Submit your thoughts as a graduating senior
Officer Brian Carlson, a six-year veteran of the Yellow Springs police department, was named interim police chief on Monday, Jan. 23. He fills the vacancy left by former Chief David Hale, who resigned three weeks ago following the events of the New Year’s Eve Ball Drop. (Photo by Audrey Hackett)

Officer Brian Carlson, a six-year veteran of the Yellow Springs police department, was named interim police chief on Monday, Jan. 23. He fills the vacancy left by former Chief David Hale, who resigned three weeks ago following the events of the New Year’s Eve Ball Drop. (Photo by Audrey Hackett)

Yellow Springs Police Department’s Carlson named as interim chief

Print Friendly, PDF & Email

There’s a new — but friendly and familiar — face in the police chief’s office at 100 Dayton St.

Yellow Springs Police Officer Brian Carlson has been named interim police chief of Yellow Springs, effective Tuesday, Jan. 24. Village Manager Patti Bates made the announcement late Monday, following a three-week search for an interim to replace former Chief David Hale, who resigned on Jan. 3 after controversial police actions at the New Year’s Eve Ball Drop.

Carlson was one of two finalists for the interim position, from a pool of five applicants, according to Bates. He is expected to serve for an undetermined period while the Village conducts a search for a permanent chief. That process could take up to six months and will involve input from the Village’s Justice System Task Force, Bates said this week.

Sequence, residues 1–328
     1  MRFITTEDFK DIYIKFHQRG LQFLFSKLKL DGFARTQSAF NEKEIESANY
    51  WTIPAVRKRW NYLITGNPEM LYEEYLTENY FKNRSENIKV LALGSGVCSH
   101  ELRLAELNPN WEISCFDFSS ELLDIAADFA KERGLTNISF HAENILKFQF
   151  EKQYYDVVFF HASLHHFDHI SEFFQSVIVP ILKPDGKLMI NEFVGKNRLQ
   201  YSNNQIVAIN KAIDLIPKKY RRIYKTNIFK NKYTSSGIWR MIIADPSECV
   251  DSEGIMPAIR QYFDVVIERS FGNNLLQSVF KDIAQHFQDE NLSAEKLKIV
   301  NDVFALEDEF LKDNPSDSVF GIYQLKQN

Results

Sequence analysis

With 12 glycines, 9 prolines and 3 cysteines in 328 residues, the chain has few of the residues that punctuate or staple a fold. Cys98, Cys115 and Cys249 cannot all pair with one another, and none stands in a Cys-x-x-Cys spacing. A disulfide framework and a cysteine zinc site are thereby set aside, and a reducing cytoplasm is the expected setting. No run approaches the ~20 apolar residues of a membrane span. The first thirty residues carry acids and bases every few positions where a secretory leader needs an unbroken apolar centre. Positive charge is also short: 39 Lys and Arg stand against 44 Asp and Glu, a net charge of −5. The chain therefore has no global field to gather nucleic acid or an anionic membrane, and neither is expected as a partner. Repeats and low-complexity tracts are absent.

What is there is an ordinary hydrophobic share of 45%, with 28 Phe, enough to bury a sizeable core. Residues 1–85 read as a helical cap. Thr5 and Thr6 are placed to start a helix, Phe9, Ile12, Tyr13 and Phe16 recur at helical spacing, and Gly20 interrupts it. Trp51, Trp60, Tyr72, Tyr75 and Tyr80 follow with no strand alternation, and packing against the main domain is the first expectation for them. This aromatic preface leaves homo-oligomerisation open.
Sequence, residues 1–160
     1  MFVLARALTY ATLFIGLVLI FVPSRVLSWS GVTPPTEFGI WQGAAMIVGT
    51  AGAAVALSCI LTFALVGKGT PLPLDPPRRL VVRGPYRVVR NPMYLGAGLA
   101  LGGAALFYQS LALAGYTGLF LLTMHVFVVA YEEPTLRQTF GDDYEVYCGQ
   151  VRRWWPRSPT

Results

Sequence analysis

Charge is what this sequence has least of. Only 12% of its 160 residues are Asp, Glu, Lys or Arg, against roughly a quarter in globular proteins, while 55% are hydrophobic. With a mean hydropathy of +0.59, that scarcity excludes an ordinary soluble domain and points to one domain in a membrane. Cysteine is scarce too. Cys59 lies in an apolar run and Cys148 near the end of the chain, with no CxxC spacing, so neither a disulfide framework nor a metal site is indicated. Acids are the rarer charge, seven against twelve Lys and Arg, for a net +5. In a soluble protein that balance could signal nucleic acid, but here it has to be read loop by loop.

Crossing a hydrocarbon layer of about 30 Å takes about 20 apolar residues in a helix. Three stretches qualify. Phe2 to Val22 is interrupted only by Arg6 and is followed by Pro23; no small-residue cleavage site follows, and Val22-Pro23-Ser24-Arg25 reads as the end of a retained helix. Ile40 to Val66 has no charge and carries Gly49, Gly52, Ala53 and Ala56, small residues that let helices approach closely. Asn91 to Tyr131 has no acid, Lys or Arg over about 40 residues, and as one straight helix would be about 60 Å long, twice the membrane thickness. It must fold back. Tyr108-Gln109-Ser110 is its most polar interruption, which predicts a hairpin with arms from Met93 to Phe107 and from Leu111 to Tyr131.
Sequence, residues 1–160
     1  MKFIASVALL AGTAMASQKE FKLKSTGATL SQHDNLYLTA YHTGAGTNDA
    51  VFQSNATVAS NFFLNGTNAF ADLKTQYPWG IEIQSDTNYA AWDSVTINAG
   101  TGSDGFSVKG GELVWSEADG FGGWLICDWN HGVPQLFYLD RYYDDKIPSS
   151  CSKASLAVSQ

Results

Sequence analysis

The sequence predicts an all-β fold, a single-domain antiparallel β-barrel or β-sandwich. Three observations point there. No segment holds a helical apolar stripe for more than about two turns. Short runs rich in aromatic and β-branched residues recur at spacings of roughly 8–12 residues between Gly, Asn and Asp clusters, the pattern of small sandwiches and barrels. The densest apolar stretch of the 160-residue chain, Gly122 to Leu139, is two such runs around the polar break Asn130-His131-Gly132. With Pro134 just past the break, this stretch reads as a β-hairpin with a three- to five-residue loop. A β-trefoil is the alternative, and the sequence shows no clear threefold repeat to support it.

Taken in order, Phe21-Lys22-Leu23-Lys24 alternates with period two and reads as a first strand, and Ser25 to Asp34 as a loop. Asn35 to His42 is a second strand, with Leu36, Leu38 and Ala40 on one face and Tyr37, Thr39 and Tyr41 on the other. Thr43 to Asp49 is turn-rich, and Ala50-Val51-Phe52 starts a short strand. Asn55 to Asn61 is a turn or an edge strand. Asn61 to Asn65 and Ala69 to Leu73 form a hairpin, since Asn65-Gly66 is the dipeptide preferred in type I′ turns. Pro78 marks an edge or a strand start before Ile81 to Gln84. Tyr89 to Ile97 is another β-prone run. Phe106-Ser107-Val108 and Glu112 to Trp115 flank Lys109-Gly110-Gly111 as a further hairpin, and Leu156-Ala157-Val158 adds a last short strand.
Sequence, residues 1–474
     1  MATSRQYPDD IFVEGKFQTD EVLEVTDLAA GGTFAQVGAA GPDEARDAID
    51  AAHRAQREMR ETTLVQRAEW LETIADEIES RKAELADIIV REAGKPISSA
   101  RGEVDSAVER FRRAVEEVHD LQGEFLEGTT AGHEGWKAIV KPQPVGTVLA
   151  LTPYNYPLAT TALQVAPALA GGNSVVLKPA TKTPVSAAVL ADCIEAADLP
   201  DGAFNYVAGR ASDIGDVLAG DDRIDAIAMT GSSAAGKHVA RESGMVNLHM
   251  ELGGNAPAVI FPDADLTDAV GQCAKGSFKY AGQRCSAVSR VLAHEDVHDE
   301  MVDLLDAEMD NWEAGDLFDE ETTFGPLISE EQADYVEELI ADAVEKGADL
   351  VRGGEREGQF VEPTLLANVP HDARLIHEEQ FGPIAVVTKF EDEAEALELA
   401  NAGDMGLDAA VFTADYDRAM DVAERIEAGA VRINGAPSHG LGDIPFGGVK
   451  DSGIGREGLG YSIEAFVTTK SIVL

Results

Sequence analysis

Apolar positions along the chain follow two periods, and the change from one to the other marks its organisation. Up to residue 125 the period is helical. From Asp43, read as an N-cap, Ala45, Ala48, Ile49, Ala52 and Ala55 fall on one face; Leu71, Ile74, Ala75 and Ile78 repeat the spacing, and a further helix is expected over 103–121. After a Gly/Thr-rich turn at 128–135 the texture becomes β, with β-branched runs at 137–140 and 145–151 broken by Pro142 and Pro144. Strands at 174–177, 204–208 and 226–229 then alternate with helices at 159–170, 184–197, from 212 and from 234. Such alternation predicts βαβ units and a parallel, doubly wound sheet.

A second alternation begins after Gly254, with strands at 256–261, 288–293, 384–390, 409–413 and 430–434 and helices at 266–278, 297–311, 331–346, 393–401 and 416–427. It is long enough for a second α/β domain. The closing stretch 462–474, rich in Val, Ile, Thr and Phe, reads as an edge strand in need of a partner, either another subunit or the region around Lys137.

“I love the town and the people, and I love this work,” Carlson said in an interview Tuesday regarding his appointment. 

Known to many in the village as “Officer Brian,” he joined the local force in 2010 as a full-time officer, and has served since then, though in a part-time capacity since 2014.

Carlson acknowledged that he was stepping into the interim role at a challenging time. Turnover in the Yellow Springs department has been high in recent years. And the New Year’s Eve incident, in which local police dispersed the crowd gathered for the annual downtown ball drop in a manner villagers found aggressive and hostile, has intensified concerns that officers seem disengaged from the community.

Carlson said his first priority was “repairing the relationship” between villagers and police.

“We need to be of the same fabric,” he said. “We’ve strayed.”

He cited some specific steps he planned to take, including putting officers on foot patrol, and occasionally bringing night officers into day shifts to enable them to get to know more business owners and residents.

“We’re going to have more foot patrol — not to walk around downtown and find trouble, but to make sure we’re not so alienated from each other,” he said.

And he promised an overall shift in policing approach, from a “command-style presence” to one that emphasizes officers’ role to help and serve the local community.

“We’re here to help. We need to remind people of that,” he said, adding that the local force has “good officers” who work hard at their jobs. 

Carlson’s community focus was an important factor in his selection, according to Manager Bates.

“One of the important things right now is to try to bridge the gap in understanding between the department and the community. Brian already has a leg up in filling that gap,” she said.